Compass Point: Refi burnout hurting Walter Investment
Reiterates “sell” rating and lowers target price by 20
When Walter Investment Management (WAC) released its second quarter earnings last week, the news wasn’t good.
The company posted a loss of $12.9 million in 2Q14, and its net income was down more than $43 million from 2Q13.
The company said that the decrease in net income, from $88.6 million in 2013 to $45 million in 2014, was due to decling in operating results in the originations segment from 2Q13. This decline is notably linked to HARP-related retention volumes and margins decreasing.
Unsurprisingly, the company’s chairman and CEO, Mark O’Brien, said that the company was not concerned with the weak quarter.
"We believe the combination of strong execution against our strategic plan coupled with ensuring each of our businesses embraces and drives a culture of compliance and positive consumer experience will provide benefits to each of our core constituencies: consumers; clients; our stakeholders; and regulators," O'Brien said last week.
But Wall Street analysts don’t share in O’Brien’s positive view of the future in the wake of the weak 2nd quarter results. Compass Point Trading & Research, which had already downgraded Walter to “sell” in May, reiterated its position and lowered its price target for Walter from $23 to $18.
"The second quarter earnings release was in-line with our expectations as a bounce back in amortization expense pushed servicing margins lower, origination earnings benefited from a larger HARP-eligible servicing portfolio, and the company guided to lower earnings in the back half of 2014,” Compass Point’s Kevin Barker said in a note to clients.
“However, the vast majority of the 2Q14 earnings report was driven by HARP originations and there are a series of regulators investigating WAC's servicing practices,” Barker continued. “We expect the expense associated with addressing regulators concerns (as we have seen from other servicers) and the impact of refi burnout on origination revenue to make it difficult for WAC to sustain GAAP earnings above $0.50 per share over the next several quarters.”
Compass Point decreased its 2014 year-end earnings-per-share projection from $3.50 to $2.83 and also slashed its 2015 EPS projection from $3.26 to $2.55.
Walter has been on Compass Point’s radar for quite some time and this isn’t the first time that it has warned investors about Walter’s future prospects.
In May, Compass Point downgraded Walter to sell after its subsidiary Green Tree Servicing failed eight of 29 compliance tests administered by the Office of Mortgage Settlement Oversight.
After that news came out, Compass Point lowered its target from $28 to $23. After the release of the Walter’s weak second quarter results, Compass Point has now dropped its target price $10 in just three months.
Compass Point also warned investors that Walter would be at the most risk if the Federal Housing Finance Agency sues its servicers and lender-placed insurance providers because the companies cost the government-sponsored enterprises hundreds of millions of dollars by charging excessively high rates for LPI, as the FHFA’s watchdog suggested it should do in a report filed in June.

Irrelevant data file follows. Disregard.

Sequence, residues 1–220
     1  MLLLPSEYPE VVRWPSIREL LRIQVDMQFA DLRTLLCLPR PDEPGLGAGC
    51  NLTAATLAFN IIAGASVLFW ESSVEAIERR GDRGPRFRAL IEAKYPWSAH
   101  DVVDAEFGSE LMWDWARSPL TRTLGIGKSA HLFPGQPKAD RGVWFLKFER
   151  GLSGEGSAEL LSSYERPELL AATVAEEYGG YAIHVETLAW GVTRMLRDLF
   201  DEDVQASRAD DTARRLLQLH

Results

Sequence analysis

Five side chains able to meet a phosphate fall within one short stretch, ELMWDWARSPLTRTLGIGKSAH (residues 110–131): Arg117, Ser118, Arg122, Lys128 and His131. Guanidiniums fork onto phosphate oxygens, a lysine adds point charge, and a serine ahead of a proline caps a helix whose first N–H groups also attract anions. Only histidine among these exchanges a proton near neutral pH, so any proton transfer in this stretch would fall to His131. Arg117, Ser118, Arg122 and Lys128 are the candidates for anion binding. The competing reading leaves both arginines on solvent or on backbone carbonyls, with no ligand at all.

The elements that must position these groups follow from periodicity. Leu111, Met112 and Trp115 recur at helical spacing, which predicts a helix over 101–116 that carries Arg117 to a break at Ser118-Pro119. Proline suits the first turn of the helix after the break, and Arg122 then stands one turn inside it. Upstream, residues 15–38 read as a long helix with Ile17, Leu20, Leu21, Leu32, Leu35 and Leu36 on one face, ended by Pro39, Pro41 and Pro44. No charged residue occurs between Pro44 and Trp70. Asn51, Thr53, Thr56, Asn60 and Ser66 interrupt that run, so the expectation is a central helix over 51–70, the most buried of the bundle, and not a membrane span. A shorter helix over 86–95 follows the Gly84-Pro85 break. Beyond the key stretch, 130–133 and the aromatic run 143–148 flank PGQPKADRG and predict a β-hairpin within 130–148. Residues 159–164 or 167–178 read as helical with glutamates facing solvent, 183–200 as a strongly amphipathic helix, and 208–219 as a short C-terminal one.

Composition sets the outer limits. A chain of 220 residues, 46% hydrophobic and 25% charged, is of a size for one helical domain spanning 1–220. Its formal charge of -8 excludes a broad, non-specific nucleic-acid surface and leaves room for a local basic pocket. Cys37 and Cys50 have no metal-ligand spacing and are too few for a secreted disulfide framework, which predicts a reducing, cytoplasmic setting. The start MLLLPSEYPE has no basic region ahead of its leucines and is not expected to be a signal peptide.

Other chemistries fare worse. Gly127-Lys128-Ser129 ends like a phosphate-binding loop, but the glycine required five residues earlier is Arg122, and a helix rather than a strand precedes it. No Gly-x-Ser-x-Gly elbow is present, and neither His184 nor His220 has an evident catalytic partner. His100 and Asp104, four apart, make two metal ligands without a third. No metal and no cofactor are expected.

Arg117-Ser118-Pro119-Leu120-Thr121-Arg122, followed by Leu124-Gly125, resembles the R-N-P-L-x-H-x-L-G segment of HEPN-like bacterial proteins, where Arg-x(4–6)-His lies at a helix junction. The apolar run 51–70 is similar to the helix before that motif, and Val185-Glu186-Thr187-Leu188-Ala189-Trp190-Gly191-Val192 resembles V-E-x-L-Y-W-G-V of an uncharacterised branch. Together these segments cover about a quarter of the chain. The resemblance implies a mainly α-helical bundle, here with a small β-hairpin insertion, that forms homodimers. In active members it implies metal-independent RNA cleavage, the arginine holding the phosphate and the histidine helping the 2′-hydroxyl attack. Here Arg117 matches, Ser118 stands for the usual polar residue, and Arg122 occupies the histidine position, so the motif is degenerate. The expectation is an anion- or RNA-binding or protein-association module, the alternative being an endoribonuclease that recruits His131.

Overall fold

“If the FHFA were to attempt to recover ‘damages’ related to excessive fees on lender-placed insurance, we do not expect any potential litigation to be a significant hit to the large banks involved in servicing large delinquent portfolios,” Compass Point said at the time. “But it could have a material impact on special servicers that have a less diversified revenue base and service highly delinquent GSE mortgage portfolios.”
Compass Point cautioned that nonbank servicers could be prime targets for the FHFA’s potential wrath with Walter at the forefront.
Compass Point suggested that Walter would be the most “exposed” to the potential litigation. “WAC recorded $85 million of revenue and $46 million of pretax income from their insurance segment during 2013, of which 65% of the policies written were for lender-placed insurance,” Compass Point’s analysts noted at the time.
“Lender-placed insurance is significantly more expensive than voluntary homeowners' insurance and we estimate the total insurance commissions from lender-placed policies could be 70%+ of total insurance revenue for WAC.”
In its latest report, Compass Point said that it is concerned about the potential litigation costs and the costs associated with bringing Green Tree’s servicing practices up to the standard set by the OMSO.
Compass Point is predicting that Walter’s profitability from its servicing segment will continue to drop.
Although we expected a decline in 2Q14, it was more than estimated and likely indicates margins will remain subdued for the foreseeable future as the company deals with regulatory expense,” Compass Point said in its note. “We estimate margins only bounce back to the 3-5 bps range from an average of 6 bps in 1Q12-1Q14.
“Where operating expenses settle in the face of increased regulatory issues is a major driver of earnings going forward.”
As of 11:35 a.m. Eastern on Monday, Walter was trading at $25.59, but the stock is down more than 27% year-to-date and nearly 34% over the last 12 months, according to analysis on the HW30, HousingWire's proprietary index of the stocks that highly impact housing finance.